That plan was abandoned about 15 minutes into our trip methinks. When we got to San Clemente, we were so hungry I could've eaten my hand. With patience long gone, we hastily decided on eating at a local establishment - Pizza Port. We devoured two pizzas, and got one more for free because they forgot to take out the onions on one of them. It was rapidly becoming dark (good thing we had the lights) - so we picked up some firewood at Ralph's and headed out to our campsite at San Onofre state beach. I thought we'd be close to the beach given the name and all. We actually rolled up to our campsite a little before ten pm. We were so exhausted, it really didn't matter what our campsite looked like.
Not even this:
So it turns out that San Onofre state beach, or "Sano" as I heard one little surfer dude say, is more of a place for people to come surf and sleep in their R.V.'s, than to actually camp and rough it. The Nelson's enjoy real camping - so needless to say Chad was less than pleased with our accommodations. This wouldn't be the first time we'd be displeased with our room & board. Not that we were expecting to be in the wilderness - I had read up on the place - but still. You are literally right next to I-5 with cars, trucks and all other types of vehicles roaring through the night, but also the Amtrak line. Trains are really, REALLY loud. Fortunately Ashley saved the day and brought ear plugs which helped a great deal.
In addition to the noise, the camp spots are jammed together like sardines. Below: Chad and I try to drown our sorrows in some day old pizza port.
Thank heavens for showers. After riding all day in the hot sun, with three layers of sun screen and sweat - we were ready to be clean. Even though the showers didn't have warm water or privacy - it felt amazing to be clean. I can't imagine trying to sleep in the state we arrived in.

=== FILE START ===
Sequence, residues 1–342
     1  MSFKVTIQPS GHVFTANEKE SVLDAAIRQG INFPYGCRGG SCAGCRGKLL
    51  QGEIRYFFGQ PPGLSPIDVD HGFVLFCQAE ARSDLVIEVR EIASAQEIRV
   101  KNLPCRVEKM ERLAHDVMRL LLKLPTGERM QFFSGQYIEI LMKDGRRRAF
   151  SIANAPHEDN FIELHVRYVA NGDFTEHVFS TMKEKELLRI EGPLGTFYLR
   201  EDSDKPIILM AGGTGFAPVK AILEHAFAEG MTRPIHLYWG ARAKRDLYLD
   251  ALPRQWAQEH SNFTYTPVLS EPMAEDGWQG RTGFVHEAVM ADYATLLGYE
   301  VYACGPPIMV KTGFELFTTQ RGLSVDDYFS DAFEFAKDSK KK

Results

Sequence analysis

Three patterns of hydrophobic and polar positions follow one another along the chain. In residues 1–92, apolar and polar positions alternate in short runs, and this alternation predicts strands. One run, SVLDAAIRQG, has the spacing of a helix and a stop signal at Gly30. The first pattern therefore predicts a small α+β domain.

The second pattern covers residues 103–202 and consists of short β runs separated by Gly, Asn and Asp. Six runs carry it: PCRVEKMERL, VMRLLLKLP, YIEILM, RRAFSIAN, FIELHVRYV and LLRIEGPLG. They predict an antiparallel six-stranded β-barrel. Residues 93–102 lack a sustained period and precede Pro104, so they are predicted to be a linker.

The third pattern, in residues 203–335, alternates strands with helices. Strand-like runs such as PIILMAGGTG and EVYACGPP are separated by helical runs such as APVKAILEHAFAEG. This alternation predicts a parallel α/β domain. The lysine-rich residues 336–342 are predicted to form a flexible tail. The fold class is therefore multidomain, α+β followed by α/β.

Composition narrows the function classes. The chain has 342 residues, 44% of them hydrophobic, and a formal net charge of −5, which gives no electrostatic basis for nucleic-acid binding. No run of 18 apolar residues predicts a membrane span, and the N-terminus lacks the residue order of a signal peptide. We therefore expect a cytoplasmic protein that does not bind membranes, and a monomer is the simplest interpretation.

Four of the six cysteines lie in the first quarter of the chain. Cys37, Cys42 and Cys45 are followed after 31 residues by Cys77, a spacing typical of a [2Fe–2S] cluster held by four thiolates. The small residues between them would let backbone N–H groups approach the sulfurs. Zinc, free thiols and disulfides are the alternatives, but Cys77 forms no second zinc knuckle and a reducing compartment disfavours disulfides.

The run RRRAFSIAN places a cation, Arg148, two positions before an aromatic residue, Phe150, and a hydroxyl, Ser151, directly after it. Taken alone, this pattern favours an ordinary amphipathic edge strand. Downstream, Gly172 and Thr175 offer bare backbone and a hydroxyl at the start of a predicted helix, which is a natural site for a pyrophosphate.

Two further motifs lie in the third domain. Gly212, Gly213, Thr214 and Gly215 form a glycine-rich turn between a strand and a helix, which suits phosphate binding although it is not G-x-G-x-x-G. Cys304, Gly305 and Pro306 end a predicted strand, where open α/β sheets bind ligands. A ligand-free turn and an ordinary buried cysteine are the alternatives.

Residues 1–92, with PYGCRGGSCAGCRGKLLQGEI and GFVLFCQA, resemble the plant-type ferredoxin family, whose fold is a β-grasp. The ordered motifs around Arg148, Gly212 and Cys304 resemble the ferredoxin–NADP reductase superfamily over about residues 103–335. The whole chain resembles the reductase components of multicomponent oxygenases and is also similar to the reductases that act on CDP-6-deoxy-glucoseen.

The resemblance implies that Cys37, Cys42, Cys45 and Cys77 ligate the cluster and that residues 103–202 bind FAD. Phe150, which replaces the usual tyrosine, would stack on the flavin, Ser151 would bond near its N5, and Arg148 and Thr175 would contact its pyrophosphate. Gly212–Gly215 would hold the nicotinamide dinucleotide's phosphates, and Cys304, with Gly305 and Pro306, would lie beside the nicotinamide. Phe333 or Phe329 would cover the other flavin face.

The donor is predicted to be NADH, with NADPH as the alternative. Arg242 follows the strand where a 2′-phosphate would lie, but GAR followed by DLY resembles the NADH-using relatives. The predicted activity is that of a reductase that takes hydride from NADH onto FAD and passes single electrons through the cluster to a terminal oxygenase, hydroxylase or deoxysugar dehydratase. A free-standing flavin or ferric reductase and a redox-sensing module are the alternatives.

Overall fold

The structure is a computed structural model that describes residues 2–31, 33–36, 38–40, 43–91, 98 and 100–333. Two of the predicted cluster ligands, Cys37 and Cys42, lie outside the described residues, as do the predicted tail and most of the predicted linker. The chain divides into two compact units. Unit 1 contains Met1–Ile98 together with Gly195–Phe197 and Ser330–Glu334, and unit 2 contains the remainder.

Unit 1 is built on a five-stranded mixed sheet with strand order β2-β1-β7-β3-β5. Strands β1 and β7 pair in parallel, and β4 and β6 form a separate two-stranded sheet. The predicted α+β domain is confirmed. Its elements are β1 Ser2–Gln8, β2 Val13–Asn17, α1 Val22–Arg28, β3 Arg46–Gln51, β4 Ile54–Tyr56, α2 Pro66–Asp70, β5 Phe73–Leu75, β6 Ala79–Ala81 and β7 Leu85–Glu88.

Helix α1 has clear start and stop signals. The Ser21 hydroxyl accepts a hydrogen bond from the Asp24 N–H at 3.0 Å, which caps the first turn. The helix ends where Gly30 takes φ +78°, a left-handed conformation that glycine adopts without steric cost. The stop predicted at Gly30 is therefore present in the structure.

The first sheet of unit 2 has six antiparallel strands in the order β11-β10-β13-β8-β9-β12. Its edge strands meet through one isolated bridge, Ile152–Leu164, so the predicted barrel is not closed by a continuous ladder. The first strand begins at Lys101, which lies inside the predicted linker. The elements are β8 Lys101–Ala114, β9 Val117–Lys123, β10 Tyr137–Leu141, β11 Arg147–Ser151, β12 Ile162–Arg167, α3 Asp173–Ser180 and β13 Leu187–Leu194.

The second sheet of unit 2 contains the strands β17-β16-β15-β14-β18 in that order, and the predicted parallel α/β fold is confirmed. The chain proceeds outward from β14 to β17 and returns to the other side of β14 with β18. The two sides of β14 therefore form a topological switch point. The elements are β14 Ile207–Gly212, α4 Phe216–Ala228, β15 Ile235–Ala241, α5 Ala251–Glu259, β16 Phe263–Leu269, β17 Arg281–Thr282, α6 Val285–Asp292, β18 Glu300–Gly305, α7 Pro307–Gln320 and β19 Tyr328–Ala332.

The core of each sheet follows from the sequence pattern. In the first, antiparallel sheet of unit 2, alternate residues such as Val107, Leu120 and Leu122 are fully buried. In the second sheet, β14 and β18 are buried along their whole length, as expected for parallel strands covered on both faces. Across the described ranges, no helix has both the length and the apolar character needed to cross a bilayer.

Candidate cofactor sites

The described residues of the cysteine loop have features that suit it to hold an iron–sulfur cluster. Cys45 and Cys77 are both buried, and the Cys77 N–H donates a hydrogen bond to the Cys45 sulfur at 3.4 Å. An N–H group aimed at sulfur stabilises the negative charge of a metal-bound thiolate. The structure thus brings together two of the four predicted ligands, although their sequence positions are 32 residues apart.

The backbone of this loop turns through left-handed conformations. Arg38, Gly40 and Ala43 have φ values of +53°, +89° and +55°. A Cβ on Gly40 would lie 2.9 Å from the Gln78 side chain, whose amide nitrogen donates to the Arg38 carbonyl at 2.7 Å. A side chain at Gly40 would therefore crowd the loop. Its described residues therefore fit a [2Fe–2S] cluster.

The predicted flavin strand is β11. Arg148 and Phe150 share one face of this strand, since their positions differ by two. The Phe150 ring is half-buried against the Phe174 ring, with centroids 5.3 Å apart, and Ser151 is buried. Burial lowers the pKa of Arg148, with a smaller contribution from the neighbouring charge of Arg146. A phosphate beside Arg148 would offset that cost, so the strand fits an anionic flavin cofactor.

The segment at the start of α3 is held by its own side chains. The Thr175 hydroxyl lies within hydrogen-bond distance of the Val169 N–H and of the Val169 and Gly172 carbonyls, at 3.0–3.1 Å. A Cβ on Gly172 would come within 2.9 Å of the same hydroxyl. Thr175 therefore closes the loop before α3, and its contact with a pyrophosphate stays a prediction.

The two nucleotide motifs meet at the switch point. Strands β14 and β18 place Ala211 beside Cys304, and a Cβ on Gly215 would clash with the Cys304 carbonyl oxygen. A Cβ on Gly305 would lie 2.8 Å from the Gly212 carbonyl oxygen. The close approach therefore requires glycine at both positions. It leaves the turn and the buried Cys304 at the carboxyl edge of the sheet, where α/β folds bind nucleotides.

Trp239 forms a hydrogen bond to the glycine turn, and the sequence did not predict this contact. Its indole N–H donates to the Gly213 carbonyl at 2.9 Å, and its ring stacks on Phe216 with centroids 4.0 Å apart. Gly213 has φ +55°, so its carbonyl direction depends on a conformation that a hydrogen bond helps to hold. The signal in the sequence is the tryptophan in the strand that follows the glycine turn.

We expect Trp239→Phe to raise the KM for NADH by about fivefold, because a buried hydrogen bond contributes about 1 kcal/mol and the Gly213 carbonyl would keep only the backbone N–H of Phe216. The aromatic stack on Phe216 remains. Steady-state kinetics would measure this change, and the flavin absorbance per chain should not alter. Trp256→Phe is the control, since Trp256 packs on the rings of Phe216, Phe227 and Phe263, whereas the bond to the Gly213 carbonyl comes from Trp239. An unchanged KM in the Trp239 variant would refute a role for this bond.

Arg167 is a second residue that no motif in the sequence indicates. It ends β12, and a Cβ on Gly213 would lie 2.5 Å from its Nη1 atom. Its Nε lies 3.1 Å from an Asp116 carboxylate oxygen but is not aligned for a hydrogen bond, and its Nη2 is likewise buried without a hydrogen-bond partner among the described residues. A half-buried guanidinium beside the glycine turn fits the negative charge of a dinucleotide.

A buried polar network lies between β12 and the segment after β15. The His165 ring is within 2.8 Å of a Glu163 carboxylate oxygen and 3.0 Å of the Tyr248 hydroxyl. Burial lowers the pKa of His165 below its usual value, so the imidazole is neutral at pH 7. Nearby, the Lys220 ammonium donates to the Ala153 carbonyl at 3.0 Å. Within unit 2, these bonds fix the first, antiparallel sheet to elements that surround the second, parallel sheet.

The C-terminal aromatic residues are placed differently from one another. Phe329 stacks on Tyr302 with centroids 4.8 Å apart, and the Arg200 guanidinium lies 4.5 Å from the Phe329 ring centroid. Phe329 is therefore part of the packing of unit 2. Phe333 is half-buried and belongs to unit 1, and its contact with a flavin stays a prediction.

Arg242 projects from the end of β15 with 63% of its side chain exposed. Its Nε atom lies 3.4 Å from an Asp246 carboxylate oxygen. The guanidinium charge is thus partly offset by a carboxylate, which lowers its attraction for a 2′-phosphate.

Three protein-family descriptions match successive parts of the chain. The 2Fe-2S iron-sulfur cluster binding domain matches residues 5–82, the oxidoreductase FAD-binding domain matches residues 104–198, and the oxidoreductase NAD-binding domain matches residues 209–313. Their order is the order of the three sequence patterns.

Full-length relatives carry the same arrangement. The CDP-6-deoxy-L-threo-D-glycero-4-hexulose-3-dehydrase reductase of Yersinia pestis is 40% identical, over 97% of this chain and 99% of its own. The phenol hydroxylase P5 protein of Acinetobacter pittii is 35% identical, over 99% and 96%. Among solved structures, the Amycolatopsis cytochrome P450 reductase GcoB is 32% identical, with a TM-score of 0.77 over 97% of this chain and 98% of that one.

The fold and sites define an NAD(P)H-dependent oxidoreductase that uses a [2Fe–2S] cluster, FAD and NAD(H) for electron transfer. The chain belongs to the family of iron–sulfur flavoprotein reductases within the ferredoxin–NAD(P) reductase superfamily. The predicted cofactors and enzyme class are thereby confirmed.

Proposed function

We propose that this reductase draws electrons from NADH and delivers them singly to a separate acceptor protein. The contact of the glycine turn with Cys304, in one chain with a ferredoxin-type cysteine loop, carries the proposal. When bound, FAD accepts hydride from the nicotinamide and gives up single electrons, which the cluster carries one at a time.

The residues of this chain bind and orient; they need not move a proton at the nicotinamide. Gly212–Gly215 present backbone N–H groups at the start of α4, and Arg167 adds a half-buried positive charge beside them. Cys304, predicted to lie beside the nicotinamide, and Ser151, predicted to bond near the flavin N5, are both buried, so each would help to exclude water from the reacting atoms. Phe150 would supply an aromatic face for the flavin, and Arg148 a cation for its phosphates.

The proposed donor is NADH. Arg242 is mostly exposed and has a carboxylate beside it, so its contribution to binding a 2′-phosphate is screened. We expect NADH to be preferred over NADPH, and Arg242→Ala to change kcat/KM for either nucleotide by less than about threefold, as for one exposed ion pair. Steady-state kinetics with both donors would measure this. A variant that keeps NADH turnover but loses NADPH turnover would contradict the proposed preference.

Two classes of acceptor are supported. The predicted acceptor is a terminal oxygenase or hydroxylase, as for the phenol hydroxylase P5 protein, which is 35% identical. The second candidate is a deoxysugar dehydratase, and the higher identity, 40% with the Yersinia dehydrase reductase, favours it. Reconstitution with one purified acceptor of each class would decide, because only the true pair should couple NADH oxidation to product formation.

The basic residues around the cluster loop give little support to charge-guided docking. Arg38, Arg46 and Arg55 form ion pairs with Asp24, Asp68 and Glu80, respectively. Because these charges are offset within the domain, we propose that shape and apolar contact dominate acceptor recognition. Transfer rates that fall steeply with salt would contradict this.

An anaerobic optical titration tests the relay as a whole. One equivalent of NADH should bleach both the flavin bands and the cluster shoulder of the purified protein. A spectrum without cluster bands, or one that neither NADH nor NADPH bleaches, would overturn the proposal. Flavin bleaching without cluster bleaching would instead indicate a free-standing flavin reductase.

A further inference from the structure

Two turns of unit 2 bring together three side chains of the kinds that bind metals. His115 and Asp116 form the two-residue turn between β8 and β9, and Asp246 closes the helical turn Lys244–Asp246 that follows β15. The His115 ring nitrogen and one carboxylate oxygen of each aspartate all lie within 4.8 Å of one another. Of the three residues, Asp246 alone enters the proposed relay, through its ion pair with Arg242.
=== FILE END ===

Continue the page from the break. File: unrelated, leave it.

The next morning we weren't itching to get back on the bikes immediately - so we went down to the beach and see what the fuss was all about. It was a slightly overcast morning, but peaceful and a nice contrast compared to the beaches we are accustomed to "up north."
The rocks on the beach were ideal for skipping - below chad demonstrates his picture perfect form.
Kimber hunts for more skipping rocks, while Ashley consoles David about not having steak and eggs for breakfast like he wanted.
Ashley was more interested in lounging than skipping rocks - she fashioned a lazyboy out of driftwood in about 25 seconds.
The second day of riding was much more beautiful. The beaches in San Diego County were scenic, and extremely tempting to us road-weary travelers. Before we got to the beach vistas - we had to ride through Camp Pendleton - The Marine corps base. Bicyclists are a common occurrence through the base, so we weren't an oddity. We had to present ID at the guard gate before we were cleared to pass. Pictured below - we took a break and enjoyed the scenery. We saw troops marching, and a lot of young men in american trucks.
Kimber showed a lot of bravado by taking pictures of the troops training. I wouldn't have done it - with the patriot act and what not, I expected to be carted off to guantanamo or something.
We made it through camp pendleton relatively unscathed - although I can't vouch for the behavior of the marines on base - one of them pretended to pat Ashley on the rear end as they passed in their truck. I was really furious. Ashley, cool as a cucumber, wasn't phased. Below: just exiting the marine base.
The beaches are really nice down San Diego way. We saw so many people enjoying the beach that it was sometimes difficult to keep riding. I was in the caboose position a lot, so it gave me an opportunity to take a picture of everyone ahead. Look at our awesome form.
We stopped for lunch at a little taco place in Leucadia. By that time (2:00), it was REALLY hot. We met up with my old friend from college, Ryan. He was our tour guide through northern San Diego county. It was nice to have someone lead for a while where we didn't have to constantly refer to the map. Ryan could only guide us so far - where on earth would we find another guide? You may be asking yourself, "does lightning strike in the same place twice?" Yes it certainly does, and it did on this trip. Below - the crew after lunch.
Some award winning scenery - courtesy of Ashley.